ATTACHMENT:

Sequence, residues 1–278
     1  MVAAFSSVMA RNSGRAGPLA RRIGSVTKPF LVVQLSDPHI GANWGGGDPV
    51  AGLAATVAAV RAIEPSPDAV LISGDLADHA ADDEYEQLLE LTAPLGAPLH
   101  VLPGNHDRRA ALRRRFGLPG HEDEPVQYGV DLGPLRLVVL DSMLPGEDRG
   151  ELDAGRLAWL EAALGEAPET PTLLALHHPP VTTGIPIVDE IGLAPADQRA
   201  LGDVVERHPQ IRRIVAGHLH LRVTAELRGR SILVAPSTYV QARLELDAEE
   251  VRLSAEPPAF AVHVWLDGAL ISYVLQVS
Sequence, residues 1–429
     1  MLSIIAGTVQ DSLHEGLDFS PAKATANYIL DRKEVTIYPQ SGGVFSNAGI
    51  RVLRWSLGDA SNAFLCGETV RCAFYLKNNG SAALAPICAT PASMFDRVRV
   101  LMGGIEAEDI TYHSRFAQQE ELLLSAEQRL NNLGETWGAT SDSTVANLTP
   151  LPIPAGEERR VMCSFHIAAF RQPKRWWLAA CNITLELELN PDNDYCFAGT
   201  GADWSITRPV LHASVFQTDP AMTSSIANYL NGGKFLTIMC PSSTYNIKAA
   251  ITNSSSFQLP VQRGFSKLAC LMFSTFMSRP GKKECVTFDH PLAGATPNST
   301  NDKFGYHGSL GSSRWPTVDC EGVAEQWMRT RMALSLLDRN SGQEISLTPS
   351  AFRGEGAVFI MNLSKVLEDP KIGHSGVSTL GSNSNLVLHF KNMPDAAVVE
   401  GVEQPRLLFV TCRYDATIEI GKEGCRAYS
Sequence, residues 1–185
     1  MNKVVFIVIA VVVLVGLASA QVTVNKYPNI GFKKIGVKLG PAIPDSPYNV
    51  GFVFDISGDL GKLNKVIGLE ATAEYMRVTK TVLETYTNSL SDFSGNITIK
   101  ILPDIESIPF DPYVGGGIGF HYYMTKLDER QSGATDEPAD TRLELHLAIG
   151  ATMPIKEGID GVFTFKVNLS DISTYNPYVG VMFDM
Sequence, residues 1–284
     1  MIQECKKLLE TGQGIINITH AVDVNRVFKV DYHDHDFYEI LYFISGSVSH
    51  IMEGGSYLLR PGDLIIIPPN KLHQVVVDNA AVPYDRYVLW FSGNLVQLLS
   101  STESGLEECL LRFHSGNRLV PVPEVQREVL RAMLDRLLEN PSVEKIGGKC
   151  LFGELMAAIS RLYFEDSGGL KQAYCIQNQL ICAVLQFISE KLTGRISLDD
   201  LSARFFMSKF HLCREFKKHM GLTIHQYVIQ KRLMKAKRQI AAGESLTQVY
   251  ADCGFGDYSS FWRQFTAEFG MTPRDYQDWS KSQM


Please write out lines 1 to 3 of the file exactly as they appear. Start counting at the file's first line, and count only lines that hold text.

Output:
Sequence, residues 1–278
     1  MVAAFSSVMA RNSGRAGPLA RRIGSVTKPF LVVQLSDPHI GANWGGGDPV
    51  AGLAATVAAV RAIEPSPDAV LISGDLADHA ADDEYEQLLE LTAPLGAPLH